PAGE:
Vibrant Vietnam - 2007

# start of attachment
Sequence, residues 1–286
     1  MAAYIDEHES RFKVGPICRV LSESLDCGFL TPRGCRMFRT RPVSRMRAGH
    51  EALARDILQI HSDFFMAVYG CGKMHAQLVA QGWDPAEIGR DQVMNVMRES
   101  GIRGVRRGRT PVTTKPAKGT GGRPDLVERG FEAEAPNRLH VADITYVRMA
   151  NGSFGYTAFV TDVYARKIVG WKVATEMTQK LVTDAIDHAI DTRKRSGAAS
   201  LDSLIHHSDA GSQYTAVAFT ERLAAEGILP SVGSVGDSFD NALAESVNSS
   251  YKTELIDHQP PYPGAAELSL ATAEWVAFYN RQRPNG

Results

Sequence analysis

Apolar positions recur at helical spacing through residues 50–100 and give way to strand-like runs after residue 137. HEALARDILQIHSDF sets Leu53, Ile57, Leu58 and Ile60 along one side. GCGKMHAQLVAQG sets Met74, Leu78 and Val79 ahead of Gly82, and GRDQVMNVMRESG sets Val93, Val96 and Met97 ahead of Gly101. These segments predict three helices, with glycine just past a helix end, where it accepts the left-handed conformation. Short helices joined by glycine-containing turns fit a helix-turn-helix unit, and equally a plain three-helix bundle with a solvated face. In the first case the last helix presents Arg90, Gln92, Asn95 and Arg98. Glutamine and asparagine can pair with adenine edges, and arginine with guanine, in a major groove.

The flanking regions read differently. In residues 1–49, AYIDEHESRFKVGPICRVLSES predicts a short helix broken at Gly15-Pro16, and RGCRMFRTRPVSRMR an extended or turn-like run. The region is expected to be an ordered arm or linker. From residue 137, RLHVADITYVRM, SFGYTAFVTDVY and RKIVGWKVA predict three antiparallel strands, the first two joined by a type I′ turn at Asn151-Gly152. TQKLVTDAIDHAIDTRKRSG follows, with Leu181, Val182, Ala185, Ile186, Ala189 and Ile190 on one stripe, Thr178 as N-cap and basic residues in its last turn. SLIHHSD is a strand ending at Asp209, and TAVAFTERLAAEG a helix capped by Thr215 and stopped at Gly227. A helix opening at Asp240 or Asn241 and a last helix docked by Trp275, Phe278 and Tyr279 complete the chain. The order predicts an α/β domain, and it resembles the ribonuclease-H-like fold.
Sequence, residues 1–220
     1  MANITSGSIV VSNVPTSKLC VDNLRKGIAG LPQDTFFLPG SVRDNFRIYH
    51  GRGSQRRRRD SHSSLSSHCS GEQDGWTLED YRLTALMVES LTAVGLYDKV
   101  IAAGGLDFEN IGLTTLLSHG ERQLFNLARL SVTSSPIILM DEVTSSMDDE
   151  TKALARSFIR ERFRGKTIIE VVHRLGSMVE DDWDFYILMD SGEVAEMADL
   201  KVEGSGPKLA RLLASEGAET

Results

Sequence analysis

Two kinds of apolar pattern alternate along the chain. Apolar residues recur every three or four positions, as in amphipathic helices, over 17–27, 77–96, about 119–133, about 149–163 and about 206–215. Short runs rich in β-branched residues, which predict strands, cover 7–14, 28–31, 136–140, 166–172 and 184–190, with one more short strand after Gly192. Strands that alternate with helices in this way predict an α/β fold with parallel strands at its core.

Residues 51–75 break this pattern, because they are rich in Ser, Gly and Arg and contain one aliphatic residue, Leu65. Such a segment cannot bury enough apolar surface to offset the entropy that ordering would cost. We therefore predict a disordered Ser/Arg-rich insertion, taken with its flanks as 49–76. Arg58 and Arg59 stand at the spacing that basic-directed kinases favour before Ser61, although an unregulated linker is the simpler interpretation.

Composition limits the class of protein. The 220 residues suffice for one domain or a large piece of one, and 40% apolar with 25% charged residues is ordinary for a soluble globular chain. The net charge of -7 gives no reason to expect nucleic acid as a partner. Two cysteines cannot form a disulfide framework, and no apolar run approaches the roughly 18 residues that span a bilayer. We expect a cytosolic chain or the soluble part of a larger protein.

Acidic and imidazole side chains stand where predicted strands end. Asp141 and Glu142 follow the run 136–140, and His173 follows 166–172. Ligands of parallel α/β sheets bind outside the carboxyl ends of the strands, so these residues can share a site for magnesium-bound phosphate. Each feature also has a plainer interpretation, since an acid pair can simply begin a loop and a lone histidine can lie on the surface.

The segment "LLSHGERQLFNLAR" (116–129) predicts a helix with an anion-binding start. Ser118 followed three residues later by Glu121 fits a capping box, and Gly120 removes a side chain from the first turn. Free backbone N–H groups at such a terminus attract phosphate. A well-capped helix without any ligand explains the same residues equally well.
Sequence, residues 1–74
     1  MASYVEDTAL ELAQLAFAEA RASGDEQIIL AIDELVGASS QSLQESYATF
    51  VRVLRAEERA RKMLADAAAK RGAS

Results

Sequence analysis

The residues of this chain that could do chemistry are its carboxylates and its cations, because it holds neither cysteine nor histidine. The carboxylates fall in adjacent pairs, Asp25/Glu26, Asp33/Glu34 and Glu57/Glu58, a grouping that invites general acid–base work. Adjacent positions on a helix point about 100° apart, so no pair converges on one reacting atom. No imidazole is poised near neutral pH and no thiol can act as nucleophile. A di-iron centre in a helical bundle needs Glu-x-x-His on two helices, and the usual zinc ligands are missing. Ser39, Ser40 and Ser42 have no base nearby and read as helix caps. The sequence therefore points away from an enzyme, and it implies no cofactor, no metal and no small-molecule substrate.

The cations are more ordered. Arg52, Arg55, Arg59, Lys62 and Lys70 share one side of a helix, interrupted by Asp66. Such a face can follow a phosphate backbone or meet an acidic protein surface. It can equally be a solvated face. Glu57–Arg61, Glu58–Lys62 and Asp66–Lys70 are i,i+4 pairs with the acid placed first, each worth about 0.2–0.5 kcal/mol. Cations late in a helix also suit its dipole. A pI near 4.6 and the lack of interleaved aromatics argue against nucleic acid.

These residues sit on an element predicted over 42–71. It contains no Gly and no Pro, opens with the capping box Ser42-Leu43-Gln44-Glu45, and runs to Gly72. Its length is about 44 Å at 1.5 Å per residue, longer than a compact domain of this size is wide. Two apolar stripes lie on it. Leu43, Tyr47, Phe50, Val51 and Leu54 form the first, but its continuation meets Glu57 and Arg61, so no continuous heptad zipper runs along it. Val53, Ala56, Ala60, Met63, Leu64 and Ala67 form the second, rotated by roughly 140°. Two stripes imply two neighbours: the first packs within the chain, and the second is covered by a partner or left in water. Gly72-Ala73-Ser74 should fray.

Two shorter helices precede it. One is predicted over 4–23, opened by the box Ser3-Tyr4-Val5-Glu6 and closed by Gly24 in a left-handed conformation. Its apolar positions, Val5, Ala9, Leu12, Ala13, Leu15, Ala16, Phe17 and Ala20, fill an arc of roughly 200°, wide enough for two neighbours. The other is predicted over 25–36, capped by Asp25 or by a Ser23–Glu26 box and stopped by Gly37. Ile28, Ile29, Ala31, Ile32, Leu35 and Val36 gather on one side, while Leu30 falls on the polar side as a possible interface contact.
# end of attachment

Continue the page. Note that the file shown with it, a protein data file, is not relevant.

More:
living there. The median age is 26 and 26% of the population currently is age 14 or under, so youth is dominant. Literacy among the Vietnamese is 90%, the best in Southeast Asia. The communist influence is seen strongly in the religion-adherent figures: 9% are Buddhist, 7% Catholic, and 80% no religion. Though the Buddhist temples are visited and people do make offerings there, it seems that the visitations are more superstition-based than spiritual. According to our young guide, people will make an offering of fruit or flowers when asking for some favor or blessing but it is more superficial than worshipful. G OVERNMENT The Communist Party is the single one in the country and though elections are ostensibly free, there is usually no choice but a CP-approved candidate. However, since the mid-80s, the Party has changed its economic policies to encourage more free trade and free enterprise. The population has embraced the changes wholeheartedly and the national economic growth rate is one of the fastest in the world (9% last year). This year even more changes are being made as the Party seeks to enter new trade agreements with other countries and to encourage foreign investment: currency stabilization, property rights laws, easier investment procedures were all in process as we visited in October 2007. Really impressive is Vietnam’s overall poverty reduction record. Prior to 1993, its poverty rate was estimated at 60% of the population; today that level has been reduced to 20%--a much more amazing reduction than what has occurred in China and India, though both those countries are also lifting their populations up rapidly as well. The government recognizes the need for an educated populace and has made great strides in providing education to all sections of the population. As Guide Lan said, “We have Ho Chi Minh in our hearts and capitalism in our pockets!” An ironic change we noted too is that English is being encouraged as a second language. What we could not win on the ground, we have apparently won in the culture. Westernization is seen all over the country. Movies, TV, products on sale, dress, music, language, fast food restaurants. The 2/3s of the population under 30 wants the things that middle-class life promises. These youth wear fashionable clothing, use cell phones constantly, drink coffee in trendy cafes, surf the net easily, seek entertainment and travel opportunities. This is a busy, happy, aspiring country today, too occupied with its own rapid advancement to dwell in a miserable past! A L ITTLE R ELEVANT H ISTORY One of the issues that caused my own antiwar opinions was the question of whether or not the conflict between North & South Vietnam was a civil war or an invasion by a foreign country (the North) into another country’s territory (South Vietnam). During the 60s, I was pretty well convinced it was a civil war and that we should not be interfering despite fears generated by the “domino theory” which dictated USA foreign policy at the time. Our visit to this now vibrant country did not definitively answer this question for me because there are obvious differences in the north and south. Sitting just south of gigantic China, Vietnam 5

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